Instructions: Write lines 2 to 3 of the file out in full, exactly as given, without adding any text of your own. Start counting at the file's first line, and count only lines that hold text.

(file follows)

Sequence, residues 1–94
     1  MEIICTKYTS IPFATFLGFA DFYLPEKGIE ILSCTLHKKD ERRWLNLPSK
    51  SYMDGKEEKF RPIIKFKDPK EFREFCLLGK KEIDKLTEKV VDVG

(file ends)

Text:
     1  MEIICTKYTS IPFATFLGFA DFYLPEKGIE ILSCTLHKKD ERRWLNLPSK
    51  SYMDGKEEKF RPIIKFKDPK EFREFCLLGK KEIDKLTEKV VDVG